Excel Formula Number Of Months And Days Between Two Dates Resume Tips For Military Spouses

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Resume Tips For Military Spouses

My friends came over for the weekend and brought two small gifts for my kids. One gift was a small stuffed animal and a book, another a small puzzle; But what was the presentation! The book was beautifully wrapped in clean cellophane wrap and tied with a bow of raw ribbon that was so beautiful that I didn’t even want to open it, or at least I wanted to save it for re-gifting purposes. Presentation makes the difference! So I keep this in mind when I’m looking at clients’ resumes. I like a resume printed on a good quality printer with no smudges, on thick ecru paper, and if you are sending via email no italics and I like a little white space. Whether you’re delivering a resume in person to a company or dropping by a networking event, make sure you have a fresh manicure and a great haircut to boot. Customers often want to know how to combine their chaotic work history and package gifts received during their military lifestyle. Should they go for “spouse-friendly employers” or hide the fact that they are eloping spouses; They remember hiring managers commenting on why they should or shouldn’t hire a candidate. Consider these tips as you go after your dream job and remember that the law of attraction also applies to resumes, so regardless of my tips, if you love your resume, others will love it too!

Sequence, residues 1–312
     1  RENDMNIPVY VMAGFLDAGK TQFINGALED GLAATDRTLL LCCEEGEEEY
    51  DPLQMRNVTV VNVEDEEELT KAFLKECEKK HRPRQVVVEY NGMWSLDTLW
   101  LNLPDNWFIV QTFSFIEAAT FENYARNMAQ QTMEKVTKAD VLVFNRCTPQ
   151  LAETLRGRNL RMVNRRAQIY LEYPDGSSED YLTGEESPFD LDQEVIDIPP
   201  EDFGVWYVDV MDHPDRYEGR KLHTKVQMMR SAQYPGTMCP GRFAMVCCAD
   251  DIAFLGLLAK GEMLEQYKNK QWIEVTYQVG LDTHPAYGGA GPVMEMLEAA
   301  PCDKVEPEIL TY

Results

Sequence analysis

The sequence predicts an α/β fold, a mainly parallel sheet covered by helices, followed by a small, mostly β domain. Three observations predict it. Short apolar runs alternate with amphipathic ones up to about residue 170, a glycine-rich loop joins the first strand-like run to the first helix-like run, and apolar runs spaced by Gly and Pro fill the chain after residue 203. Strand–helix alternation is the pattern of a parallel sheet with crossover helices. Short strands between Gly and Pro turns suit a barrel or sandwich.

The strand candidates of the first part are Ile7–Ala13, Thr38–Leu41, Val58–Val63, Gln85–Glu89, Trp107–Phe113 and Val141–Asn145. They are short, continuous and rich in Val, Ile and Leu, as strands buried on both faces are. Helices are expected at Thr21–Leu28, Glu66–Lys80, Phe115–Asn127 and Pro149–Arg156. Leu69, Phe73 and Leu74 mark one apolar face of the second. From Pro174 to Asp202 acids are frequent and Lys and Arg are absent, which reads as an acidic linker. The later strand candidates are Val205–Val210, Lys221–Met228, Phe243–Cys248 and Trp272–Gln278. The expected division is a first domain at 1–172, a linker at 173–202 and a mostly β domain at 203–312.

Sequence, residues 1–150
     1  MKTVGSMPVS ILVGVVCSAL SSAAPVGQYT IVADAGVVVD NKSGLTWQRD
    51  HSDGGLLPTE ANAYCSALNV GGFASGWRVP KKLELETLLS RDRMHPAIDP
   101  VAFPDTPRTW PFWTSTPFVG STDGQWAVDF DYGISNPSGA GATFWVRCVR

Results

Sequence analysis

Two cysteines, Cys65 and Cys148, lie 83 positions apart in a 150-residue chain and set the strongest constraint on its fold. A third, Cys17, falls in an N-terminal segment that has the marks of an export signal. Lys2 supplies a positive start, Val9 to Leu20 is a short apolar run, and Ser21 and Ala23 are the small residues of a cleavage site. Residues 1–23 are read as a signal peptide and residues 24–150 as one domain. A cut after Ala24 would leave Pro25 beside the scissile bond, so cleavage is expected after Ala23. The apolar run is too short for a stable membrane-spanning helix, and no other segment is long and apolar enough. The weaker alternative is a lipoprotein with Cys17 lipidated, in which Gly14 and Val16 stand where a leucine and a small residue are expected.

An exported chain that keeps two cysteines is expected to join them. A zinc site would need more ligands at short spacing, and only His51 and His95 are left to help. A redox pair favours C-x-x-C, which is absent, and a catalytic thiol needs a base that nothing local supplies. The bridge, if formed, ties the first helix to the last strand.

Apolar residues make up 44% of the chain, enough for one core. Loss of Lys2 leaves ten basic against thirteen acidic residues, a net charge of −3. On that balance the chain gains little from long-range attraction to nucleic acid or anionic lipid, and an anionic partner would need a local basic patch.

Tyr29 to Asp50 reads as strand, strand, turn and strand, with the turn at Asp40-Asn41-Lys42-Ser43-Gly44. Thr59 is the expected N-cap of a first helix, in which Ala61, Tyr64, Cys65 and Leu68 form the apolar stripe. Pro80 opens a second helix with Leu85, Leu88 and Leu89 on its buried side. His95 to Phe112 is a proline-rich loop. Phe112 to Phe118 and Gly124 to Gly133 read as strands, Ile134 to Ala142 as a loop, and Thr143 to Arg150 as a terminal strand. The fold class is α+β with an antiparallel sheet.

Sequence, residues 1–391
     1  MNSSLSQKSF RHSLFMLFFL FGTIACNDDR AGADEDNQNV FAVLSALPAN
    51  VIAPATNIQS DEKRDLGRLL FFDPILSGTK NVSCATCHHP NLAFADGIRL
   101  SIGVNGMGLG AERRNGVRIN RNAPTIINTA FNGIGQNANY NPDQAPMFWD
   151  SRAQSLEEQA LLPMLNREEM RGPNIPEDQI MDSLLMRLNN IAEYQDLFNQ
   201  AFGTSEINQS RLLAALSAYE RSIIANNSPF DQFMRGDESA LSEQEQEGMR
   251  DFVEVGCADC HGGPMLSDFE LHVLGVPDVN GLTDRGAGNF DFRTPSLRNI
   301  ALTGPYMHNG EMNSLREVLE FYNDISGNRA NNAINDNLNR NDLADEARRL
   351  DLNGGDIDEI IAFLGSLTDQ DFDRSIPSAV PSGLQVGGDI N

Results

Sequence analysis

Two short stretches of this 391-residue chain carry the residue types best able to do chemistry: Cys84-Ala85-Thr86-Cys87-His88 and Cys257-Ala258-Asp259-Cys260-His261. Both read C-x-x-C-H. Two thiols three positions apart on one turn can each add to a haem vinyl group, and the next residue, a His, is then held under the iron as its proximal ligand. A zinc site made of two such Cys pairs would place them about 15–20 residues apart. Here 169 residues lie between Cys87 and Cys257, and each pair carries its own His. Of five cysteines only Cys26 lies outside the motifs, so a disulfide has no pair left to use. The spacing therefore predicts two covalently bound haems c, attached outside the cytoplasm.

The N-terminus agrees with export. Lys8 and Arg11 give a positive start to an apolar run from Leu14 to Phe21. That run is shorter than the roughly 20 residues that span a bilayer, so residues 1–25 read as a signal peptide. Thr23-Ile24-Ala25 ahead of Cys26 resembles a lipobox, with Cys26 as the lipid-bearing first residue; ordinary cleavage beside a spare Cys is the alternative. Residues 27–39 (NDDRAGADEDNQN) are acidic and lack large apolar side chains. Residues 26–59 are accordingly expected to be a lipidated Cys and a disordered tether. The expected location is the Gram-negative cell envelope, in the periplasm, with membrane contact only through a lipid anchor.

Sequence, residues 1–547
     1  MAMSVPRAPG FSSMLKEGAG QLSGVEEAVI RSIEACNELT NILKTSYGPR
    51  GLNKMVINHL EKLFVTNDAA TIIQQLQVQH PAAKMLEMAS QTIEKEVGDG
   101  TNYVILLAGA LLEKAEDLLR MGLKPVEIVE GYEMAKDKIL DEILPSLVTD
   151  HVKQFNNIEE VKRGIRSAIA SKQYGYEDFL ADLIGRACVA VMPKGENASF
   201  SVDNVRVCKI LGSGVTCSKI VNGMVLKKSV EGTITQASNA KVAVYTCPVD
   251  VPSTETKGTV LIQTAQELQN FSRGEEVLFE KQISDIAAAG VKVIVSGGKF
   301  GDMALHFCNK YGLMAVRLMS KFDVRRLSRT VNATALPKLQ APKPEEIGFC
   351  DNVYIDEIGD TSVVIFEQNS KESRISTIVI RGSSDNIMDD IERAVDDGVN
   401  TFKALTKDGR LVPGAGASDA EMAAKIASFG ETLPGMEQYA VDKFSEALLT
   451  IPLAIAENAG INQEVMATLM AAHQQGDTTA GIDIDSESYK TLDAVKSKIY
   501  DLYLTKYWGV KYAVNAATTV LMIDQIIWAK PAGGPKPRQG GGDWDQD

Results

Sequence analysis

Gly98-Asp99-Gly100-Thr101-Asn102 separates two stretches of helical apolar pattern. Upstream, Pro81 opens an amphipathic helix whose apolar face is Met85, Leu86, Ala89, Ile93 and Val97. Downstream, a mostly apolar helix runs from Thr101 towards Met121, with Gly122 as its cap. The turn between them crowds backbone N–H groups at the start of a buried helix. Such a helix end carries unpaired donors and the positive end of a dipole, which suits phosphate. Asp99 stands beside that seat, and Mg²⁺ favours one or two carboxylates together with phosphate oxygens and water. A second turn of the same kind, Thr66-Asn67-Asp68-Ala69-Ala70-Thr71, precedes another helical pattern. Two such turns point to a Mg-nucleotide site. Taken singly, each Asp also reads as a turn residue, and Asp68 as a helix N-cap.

1. seems important.

First impressions count so make your resume beautiful! Consider limiting any bold or italic font as it often looks messy if the resume is scanned; Better yet, try to create a clean PDF version of your resume as well so that it can be submitted electronically to jobs and not lose its professional appearance. Hiring managers are put off by hard to pronounce names so if you have a difficult name put a nickname in parentheses next to it to find a job – they can learn how to pronounce Vandana once they hire you. If you have an equally great email address, consider changing that as well. While friends may enjoy sending emails to lovemymilitaryman@aol.com, consider changing the email listed on your resume to your first name or your first and last name and Internet provider; It will look very professional. You never know if a hiring manager is snooping on MySpace or judging your personal address. Additionally, make sure your home and cell phone voicemails are short, professional, and clear when you’re looking for a job.

2. Don’t play hard to get:

You won’t be afraid of a potential employer calling your home and recording your sarcasm. Bottom line, you include a correct name, email, and mobile phone number that you can always access. Try to send the resume when you have time for the interview. If you are working full time, taking night classes, and about to have a baby, you may not be free for a potential interview, and if a company calls you in and you postpone the date, another candidate may be hired on the spot. Because they appear first. Perhaps delaying sending your resume until your summer vacation or three months postpartum will increase your chances of being selected.

3. Making up for lost time: